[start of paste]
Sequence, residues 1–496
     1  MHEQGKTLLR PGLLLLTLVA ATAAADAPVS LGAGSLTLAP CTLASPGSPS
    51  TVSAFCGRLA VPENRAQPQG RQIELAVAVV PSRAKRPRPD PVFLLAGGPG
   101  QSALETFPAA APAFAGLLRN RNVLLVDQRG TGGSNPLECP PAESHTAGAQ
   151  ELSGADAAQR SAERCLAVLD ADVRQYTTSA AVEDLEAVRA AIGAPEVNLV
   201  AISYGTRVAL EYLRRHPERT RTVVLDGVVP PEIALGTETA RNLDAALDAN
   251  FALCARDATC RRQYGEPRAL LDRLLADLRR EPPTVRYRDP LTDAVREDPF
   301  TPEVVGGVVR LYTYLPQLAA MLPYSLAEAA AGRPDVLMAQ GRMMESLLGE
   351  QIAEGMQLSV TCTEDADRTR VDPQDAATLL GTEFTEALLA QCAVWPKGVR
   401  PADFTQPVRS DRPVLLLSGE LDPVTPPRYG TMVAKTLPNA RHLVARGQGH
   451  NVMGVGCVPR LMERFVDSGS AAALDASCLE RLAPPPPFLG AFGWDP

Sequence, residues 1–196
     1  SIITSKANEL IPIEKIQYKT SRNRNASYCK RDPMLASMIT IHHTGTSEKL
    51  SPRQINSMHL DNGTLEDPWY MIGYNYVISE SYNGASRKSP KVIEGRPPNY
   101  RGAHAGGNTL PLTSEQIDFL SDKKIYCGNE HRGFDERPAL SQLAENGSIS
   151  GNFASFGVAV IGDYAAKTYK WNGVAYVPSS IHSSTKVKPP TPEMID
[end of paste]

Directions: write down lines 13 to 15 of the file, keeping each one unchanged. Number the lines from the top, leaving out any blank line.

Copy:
     1  SIITSKANEL IPIEKIQYKT SRNRNASYCK RDPMLASMIT IHHTGTSEKL
    51  SPRQINSMHL DNGTLEDPWY MIGYNYVISE SYNGASRKSP KVIEGRPPNY
   101  RGAHAGGNTL PLTSEQIDFL SDKKIYCGNE HRGFDERPAL SQLAENGSIS